Although handwriting, paper analysis and bullet examinations play a large role in the work of the crime laboratory, clever technicians perform uncanny examinations involving bits of thread, cord and wire.

Many crime cases are solved by the relatively conventional process of bullet comparisons or bloodstain analysis, but frequently cases occur in which the entire resources of science are brought into play. One such case was that involving John Magnuson, arrested for murder committed by sending a bomb through the mail. The package exploded when it was opened and killed the wife of the addressee. Experts testified that the handwriting on the package was Magnuson’s. Microscopic examination showed that the address was written by a pen having a round point similar to the pen of Magnuson’s daughter’s and the ink in the pen gave the same reactions to chemicals as the ink used in addressing the package. Glue used to seal the package was the same as glue in Magnuson’s possession. The wood covering the bomb was identified as white elm. Microscopic examination of the sawdust residue in Magnuson’s workroom indicated white elm residue as well as hemlock and oak. This proved important because the defend-ent claimed he never used elm. Another expert analyzed the metal in the trigger of the bomb and compared it with metal from a gas engine found in Magnuson’s home. By analysis and with the aid of photomicrographs, metallurgists identified the metal in the trigger as being identical in crystalline formation as metal taken from the gas engine. This was significant, as it was testified by experts that no two metals are identical in formation unless made in the same batch of 100 pounds each. Photomicrographs were produced showing the matched edges of two pieces of metal, one from the bomb and the other from the engine. On the basis of this over-whelming evidence, Magnuson was found guilty.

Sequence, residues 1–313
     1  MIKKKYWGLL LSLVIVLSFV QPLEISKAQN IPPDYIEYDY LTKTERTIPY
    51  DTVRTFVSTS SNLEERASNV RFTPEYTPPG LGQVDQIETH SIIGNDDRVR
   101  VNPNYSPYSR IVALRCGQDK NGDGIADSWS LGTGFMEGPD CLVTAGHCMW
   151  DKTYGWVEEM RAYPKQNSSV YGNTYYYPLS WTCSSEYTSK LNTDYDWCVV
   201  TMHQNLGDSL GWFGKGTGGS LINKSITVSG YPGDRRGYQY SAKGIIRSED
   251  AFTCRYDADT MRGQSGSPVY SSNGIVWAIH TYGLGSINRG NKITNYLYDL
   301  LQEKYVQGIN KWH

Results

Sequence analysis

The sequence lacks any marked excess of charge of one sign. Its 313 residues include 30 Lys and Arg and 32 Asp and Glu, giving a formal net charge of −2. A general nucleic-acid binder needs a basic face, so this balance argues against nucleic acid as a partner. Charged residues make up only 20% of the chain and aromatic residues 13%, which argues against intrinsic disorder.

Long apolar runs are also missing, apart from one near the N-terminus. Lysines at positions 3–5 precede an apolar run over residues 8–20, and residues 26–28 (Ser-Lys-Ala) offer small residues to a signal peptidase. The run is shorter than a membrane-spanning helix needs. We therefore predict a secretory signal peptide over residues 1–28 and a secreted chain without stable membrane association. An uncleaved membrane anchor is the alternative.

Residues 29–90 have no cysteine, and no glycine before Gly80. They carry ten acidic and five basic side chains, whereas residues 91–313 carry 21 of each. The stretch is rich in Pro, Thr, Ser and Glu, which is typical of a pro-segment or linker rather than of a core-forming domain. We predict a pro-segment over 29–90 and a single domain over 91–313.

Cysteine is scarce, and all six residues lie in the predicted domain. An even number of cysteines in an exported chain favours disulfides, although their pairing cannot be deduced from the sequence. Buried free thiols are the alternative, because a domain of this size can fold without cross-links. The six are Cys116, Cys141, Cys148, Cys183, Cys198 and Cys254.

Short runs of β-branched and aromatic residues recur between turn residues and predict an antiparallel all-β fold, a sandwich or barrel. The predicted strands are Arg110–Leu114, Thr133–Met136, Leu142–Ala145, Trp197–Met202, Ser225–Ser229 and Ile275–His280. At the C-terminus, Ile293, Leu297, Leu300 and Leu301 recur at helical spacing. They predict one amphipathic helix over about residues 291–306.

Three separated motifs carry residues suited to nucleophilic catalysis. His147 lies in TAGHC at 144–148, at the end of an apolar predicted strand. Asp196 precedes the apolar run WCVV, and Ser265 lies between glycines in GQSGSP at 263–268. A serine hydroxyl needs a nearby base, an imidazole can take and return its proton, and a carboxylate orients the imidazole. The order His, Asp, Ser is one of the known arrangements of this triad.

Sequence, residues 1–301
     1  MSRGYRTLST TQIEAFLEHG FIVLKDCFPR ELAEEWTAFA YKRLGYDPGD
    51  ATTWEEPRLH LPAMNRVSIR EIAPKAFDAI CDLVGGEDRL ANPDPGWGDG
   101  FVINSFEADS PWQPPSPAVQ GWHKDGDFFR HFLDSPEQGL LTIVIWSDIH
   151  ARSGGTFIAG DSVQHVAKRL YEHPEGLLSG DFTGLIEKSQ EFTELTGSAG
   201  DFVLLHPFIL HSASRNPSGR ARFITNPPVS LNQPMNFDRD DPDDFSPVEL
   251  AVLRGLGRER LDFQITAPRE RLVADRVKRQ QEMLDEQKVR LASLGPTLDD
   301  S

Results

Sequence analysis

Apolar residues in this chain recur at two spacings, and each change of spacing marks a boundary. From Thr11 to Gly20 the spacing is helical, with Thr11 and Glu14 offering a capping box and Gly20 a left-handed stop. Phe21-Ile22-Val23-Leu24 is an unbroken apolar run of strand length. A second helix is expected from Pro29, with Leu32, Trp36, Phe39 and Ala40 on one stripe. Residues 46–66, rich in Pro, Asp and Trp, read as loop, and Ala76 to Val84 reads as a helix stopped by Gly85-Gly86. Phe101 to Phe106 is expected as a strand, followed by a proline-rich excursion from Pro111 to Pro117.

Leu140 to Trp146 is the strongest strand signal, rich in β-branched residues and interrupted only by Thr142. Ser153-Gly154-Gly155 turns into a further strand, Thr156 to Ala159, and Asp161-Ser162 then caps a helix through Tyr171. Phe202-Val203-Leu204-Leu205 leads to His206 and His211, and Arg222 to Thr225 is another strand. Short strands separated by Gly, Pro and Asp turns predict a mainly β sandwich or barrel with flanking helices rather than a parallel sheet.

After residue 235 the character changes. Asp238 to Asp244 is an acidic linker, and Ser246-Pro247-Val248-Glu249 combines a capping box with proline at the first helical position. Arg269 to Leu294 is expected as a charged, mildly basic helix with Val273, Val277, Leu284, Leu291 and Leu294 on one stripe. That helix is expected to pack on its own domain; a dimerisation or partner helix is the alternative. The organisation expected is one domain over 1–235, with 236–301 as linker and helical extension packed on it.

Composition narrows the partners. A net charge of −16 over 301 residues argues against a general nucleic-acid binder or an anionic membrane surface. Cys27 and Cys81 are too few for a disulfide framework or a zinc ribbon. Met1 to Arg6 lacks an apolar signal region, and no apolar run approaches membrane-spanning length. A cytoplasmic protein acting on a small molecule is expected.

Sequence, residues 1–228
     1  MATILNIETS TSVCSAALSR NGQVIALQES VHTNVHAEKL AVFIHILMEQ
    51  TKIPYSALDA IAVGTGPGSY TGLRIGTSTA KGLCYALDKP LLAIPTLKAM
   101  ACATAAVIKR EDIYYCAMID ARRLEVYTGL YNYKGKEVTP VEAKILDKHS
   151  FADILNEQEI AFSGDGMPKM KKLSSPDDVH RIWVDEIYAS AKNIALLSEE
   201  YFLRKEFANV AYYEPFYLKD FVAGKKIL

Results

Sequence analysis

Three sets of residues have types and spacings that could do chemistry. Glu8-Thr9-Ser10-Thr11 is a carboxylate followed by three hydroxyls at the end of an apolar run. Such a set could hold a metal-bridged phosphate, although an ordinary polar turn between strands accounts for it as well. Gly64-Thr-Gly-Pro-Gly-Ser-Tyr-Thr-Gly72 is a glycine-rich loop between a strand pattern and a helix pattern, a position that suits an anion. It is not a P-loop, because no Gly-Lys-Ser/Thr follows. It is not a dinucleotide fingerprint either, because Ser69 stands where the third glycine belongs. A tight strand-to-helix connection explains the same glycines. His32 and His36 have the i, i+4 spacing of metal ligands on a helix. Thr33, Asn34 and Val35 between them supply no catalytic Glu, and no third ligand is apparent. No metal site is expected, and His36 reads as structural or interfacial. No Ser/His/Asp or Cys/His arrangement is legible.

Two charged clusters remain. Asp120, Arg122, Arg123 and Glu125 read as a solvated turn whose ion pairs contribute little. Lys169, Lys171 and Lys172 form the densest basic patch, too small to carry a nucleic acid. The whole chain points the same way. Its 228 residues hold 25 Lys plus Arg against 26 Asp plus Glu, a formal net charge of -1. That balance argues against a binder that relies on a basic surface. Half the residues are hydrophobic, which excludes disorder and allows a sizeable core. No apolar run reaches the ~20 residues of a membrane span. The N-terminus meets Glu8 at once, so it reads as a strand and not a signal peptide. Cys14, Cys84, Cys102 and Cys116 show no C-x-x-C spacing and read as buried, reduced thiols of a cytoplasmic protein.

In all cases investigated by the FBI, science takes up where human limitations leave off. No longer can a man obliterate identification numbers from metal by cutting them out, for the crime laboratory men know that the act of stamping a number on metal disturbs its crystalline composition and by means of special instruments, obliterated numbers can be read simply by studying the disturbed formation of the metal. The X-ray machine and ultra-violet lamp as well as the parallel light beams all serve to bring to light invisible evidence that the unsuspecting, unscientific criminal leaves behind him.

The crime laboratory’s analysis of physical evidence would astound the cringing criminal who is finding more and more that a technician with a microscope can foil his best laid plans.